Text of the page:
Neo-nazis really aren't that clever.
On Wednesday, Politico published a story about various white nationalist and far-right groups and some of their plans for voter suppression. Though it all but entirely dismissed the possibility that they would actually deliver on anything, those same nazis are somehow reading the report as an example of their trickiness.
The piece discussed some likely to occur efforts such as ratfucker-cum-Trump ally Roger Stone's pseudo-"exit polls" planned for Democratic-leaning cities or the Oath Keepers' intentions to "patrol" on election day. It also included the perspective of Andrew Anglin, the 32-year-old proprietor of the neo-nazi site The Daily Stormer, whose main distinguishing trait is that among awful racists he tries to be the funny one.
In pursuit of his goal to be America's Funniest Nazi, Anglin told Politico he was sending "thousands" of poll watchers out on election day. His pal Mike Enoch, who runs another racist site called The Right Stuff, anonymously alluded to a fake plan to distribute weed and booze to black voters. Of course, nobody really believes this, and the piece effectively says as much. For instance, it paraphrases the Southern Poverty Law Center's Mark Potok, who admits that it's "difficult to know at what scale these plans will materialize, because Anglin and his fringe-right ilk are serial exaggerators." There's also this excerpt:
Mark Pitcavage, who monitors extremists for the Anti-Defamation League, said Anglin lacks a track record of organizing real-world action and that he was skeptical he could “get even close” to what he was promising.
But on The Daily Stormer's forums, people are celebrating. One poster started a thread on the article (I can't in good conscious recommend clicking that link) and wrote "ha ha ha the kikes have lost it. LOL." Others responded in kind with comments like "lol. like any White who reads this site or TRS would give weed to niggers" and "Oh this is good I wonder how many driberals and googles will fall for this?" ("Googles" refers to an attempt by racists to turn large brand names into racial slurs).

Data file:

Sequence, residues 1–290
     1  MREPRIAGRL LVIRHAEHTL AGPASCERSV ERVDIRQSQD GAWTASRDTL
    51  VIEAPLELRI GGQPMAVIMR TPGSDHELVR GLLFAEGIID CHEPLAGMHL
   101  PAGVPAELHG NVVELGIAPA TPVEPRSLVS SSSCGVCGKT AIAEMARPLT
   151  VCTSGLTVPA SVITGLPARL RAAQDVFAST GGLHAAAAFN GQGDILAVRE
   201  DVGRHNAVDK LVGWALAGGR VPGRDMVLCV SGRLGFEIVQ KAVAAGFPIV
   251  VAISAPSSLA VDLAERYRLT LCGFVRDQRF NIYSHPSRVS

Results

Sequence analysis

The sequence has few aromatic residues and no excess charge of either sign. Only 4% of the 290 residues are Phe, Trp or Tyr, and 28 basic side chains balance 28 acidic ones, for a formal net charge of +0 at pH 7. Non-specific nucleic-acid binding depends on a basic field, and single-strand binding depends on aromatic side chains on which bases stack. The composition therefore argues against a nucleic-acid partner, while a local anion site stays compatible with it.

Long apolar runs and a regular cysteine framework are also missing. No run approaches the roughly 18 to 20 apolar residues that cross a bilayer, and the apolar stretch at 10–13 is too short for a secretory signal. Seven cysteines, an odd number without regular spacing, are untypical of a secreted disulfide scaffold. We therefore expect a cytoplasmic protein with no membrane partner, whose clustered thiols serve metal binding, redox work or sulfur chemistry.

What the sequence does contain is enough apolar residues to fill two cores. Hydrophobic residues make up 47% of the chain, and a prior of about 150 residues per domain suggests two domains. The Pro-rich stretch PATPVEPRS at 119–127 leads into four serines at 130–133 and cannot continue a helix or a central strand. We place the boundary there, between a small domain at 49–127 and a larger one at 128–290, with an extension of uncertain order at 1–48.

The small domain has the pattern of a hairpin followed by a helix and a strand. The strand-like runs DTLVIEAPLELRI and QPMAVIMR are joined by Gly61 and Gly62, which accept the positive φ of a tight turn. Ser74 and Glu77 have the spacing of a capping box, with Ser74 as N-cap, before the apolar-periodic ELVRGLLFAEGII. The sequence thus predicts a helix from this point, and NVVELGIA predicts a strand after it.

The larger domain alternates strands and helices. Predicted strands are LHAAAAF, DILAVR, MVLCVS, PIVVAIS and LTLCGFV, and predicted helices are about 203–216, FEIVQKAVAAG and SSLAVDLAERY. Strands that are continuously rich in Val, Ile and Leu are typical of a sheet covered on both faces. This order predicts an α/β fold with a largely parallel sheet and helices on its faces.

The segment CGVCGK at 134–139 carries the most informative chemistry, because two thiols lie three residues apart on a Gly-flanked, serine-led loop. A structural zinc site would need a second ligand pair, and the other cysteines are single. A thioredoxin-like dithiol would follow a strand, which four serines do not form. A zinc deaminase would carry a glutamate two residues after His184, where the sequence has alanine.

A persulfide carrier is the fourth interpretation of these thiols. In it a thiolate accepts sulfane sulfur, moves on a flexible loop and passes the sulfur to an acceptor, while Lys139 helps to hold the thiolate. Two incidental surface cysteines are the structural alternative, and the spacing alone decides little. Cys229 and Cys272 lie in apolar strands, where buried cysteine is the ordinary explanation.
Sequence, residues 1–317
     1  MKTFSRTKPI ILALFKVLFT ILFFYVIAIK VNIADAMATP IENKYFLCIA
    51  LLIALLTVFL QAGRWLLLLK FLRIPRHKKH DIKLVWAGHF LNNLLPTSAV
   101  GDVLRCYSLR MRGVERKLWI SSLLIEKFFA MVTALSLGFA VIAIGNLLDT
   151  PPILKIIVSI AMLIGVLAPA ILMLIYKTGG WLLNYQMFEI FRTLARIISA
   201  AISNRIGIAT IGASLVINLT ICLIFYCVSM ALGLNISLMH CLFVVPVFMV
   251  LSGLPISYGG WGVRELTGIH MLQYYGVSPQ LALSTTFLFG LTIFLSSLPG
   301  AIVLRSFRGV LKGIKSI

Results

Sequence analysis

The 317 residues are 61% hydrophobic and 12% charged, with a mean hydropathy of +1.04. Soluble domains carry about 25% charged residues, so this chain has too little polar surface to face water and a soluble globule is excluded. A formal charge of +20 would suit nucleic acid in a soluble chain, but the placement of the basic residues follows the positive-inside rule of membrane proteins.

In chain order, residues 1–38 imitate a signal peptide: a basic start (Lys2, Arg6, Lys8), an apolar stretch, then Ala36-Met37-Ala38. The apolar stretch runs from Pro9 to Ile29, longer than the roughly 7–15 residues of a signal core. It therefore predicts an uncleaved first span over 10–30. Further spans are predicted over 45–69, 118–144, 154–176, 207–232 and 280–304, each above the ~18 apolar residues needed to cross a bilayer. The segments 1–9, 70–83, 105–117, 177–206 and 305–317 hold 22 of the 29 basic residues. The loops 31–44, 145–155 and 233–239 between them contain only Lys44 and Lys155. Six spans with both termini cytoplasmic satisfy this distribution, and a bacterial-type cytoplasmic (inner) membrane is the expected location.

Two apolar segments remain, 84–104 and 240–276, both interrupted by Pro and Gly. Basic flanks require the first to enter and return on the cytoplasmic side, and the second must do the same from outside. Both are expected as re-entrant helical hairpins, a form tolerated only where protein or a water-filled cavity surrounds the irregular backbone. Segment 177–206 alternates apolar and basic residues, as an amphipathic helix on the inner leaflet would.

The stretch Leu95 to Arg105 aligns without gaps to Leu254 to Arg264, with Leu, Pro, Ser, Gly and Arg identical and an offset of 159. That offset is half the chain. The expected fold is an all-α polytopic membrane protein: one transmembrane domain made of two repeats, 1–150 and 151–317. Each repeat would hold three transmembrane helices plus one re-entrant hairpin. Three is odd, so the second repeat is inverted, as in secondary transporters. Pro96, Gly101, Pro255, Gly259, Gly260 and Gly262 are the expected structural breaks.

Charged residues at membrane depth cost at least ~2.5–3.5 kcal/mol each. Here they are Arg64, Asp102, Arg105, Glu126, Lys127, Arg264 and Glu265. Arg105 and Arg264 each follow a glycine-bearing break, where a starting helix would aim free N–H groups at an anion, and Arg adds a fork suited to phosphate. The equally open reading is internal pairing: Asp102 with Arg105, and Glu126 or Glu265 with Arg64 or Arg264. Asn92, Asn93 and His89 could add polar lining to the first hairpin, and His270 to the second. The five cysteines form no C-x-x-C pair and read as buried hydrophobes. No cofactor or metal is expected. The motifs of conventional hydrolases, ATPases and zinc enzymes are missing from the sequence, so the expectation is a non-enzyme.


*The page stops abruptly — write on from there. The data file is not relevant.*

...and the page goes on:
A writer for The Daily Caller basically bought this line and tried to excoriate Politico for printing a "laughably fake story," getting Enoch on the record at length. Salon joined in too, declaring that Politico had been trolled. But the crux of these pieces is what makes them so boring: they're attempts to appear more wise and knowing about online racists, ignoring that Anglin or Enouch almost certainly wouldn't have copped to being full of shit if Politico asked. In their portrayal of the far right as clever trolls, the Caller and Salon probably contribute to the myth the online neo-nazis want constructed more than the original article did.
There's good reason to be skeptical of anything online racists say. They're big on lying to the press for kicks and a lot of what they do is shitposting—basically, spreading bad information with bad posts. But the Politico article is fairly skeptical, and ultimately more concerned with groups like the Oath Keepers, who actually have a history of wandering around armed in public.
So why are the neo-nazis excited? They're not very bright and will take what attention they get.
Ethan Chiel is a reporter for Fusion, writing mostly about the internet and technology. You can (and should) email him at firstname.lastname@example.org